How'd you find "the one"?

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BailyDread
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How'd you find "the one"?

Post by BailyDread » Tue Dec 17, 2019 5:16 pm

Hello everyone in this cozy little corner of MW.

My question for today is... your #1 guitar, the one you reach for most, the one you associate with yourself as "guitarist"... how'd you find it? What's the story? What do you love about it? What makes it your #1?

I ask for two reasons. The first is that I'm just curious, and I'm sure there's some interesting stories out there. The second is that I don't have a #1. :sadbanana:

I have a telecaster from Fender that I've played for over a decade... never really bonded with it. I have a parts Stratocaster that I've played for almost two years... it might as well be a screwdriver or toaster. Both of them get the job done (the strat more than the tele, which is so beat up it barely stays together), but I just don't feel much of an attachment to them, and I don't find them inspiring to play.

What gives? I've been to quite a few guitar stores in my day, played a good number of guitars... I can't say I've ever picked up a guitar and had that "WOW!" :woah:

Is it real? Is it psychosomatic and a Strat is a Strat? Or are some particular guitars just really particularly suited to some particular players, for whatever reason?

So let's hear it! Also, if you have suggestions for guitars I could check out, please fire away. I am a single coil pickup guy, and I'm very partial to the Mosrite Ventures guitar shape.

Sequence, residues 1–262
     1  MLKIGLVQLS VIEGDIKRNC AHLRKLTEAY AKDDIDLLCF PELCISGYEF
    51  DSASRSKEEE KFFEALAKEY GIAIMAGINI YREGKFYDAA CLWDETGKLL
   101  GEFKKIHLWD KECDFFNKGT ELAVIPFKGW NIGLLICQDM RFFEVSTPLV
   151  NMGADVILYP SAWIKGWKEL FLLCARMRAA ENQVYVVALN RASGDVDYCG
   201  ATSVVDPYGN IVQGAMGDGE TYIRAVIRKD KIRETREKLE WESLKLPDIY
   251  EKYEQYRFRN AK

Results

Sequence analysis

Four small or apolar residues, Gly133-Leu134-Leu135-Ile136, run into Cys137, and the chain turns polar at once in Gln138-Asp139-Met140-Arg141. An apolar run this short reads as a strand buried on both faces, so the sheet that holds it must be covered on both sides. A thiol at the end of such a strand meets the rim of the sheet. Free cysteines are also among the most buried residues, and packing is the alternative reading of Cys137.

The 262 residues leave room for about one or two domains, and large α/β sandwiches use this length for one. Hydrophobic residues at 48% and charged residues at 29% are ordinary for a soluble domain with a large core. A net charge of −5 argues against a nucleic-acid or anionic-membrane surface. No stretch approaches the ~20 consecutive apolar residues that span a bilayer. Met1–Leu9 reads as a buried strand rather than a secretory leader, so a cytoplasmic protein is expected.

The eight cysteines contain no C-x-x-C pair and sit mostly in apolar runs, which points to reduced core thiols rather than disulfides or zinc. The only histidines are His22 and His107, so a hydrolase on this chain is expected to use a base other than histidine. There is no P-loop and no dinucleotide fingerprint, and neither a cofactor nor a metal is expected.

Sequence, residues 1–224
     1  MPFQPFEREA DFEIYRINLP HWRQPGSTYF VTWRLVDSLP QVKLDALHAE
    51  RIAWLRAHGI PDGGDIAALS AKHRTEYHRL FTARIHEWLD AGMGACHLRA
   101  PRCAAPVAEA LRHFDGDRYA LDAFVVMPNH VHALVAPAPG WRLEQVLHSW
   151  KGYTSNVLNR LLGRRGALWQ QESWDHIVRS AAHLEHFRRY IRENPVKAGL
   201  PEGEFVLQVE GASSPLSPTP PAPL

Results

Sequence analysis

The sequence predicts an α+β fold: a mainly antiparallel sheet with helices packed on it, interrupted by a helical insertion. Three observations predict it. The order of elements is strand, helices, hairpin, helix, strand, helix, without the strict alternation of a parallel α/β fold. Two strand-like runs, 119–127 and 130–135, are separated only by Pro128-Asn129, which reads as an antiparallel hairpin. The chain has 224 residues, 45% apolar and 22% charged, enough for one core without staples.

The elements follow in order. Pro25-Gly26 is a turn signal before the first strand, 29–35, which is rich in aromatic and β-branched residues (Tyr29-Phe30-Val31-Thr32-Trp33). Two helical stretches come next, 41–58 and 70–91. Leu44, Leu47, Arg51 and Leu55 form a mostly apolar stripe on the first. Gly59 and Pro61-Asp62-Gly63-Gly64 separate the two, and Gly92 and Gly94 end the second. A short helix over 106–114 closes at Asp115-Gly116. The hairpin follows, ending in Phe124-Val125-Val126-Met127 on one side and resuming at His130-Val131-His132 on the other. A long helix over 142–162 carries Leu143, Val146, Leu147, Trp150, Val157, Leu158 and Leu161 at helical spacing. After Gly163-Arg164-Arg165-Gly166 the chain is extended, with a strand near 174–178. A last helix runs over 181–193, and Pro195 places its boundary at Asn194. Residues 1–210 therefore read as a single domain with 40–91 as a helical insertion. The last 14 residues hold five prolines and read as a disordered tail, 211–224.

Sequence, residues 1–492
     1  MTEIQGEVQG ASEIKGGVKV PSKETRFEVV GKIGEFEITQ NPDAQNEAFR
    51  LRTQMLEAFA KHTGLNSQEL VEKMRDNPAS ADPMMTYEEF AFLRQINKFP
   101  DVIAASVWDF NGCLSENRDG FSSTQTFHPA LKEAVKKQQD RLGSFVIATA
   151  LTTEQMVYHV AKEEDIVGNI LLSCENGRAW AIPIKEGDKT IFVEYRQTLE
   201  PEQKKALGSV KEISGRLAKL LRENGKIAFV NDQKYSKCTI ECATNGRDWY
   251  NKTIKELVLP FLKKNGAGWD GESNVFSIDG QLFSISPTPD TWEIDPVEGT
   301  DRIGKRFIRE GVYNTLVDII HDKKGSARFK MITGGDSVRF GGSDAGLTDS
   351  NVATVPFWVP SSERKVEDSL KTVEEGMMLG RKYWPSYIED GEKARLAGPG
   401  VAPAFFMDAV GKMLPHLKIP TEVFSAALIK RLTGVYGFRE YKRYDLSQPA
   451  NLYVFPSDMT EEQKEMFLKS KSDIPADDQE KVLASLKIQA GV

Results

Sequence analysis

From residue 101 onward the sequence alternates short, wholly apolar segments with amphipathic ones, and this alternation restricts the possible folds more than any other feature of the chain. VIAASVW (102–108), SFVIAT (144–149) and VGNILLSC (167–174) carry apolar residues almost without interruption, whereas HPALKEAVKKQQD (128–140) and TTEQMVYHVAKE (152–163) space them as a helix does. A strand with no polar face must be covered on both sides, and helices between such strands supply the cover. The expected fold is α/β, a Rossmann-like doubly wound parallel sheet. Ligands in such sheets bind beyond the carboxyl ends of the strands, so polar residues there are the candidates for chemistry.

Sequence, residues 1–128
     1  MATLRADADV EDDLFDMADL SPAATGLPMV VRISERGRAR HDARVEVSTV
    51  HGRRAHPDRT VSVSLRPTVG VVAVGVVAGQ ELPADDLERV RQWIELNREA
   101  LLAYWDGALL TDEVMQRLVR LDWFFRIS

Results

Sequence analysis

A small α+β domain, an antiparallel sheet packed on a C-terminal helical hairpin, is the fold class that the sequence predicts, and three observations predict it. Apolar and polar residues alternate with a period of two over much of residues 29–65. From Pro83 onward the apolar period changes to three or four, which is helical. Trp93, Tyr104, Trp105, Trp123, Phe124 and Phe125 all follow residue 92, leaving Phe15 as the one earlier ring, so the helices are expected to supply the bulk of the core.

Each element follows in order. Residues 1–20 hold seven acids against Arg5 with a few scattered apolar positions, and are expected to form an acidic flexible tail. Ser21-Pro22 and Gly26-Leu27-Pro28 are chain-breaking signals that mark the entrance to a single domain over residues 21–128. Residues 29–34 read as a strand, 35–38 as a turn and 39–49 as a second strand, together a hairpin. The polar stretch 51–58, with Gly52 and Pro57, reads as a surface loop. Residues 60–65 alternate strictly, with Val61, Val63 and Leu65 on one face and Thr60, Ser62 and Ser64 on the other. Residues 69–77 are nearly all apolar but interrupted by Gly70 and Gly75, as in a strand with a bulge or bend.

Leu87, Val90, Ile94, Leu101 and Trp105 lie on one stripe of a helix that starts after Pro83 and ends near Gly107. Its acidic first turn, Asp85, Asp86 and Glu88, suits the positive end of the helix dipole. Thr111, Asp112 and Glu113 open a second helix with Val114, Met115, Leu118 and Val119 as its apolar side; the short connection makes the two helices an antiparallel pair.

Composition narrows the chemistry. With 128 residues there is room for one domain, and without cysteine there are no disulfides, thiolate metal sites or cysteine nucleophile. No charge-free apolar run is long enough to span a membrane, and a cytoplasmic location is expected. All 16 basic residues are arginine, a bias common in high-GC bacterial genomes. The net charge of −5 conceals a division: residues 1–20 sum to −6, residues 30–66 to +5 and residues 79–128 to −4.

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dkcg
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Post by dkcg » Tue Dec 17, 2019 7:11 pm

I think "The One" is a myth.
Every guitarist I've admired plays more than one guitar, they may play one more often, but they still play several ir not dozens, plus the ones we never see in the studio.

The one I've owned the longest isn't my favorite.
Lately (key word) my favorite is my Gretsch DuoJet, but it's not "the one" when I wanna play slide, then it's my Dobro, but if I wanna send it to the synth, "the one" is one of a couple steel guitars.

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Post by sduck » Tue Dec 17, 2019 10:42 pm

Agreed, it's a myth. Play what you've got.

I have for years felt most at home on strats. But it wasn't always that way, I was in love with les pauls at first, and still own 2 of them. Sometime while I was at college, a friend handed me a 54 strat, which I got to play through a really nice amp in Finney Chapel at Oberlin, and I ended up playing for like an hour or more, and during that time a fairly sizable audience collected watching me. It felt and sounded great! Since then I've almost always had at least one decent strat. The one I now use most is a warmoth partscaster I threw together in the 90's. It's green, the one on the left.
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Post by GuyaGuy » Tue Dec 17, 2019 11:12 pm

My "one" is an MIJ Gretsch Pro Double Jet and my other "one" is a Mosrite 12 string copy by Fullerton that I play as a 9 string (no octave strings on the bass strings).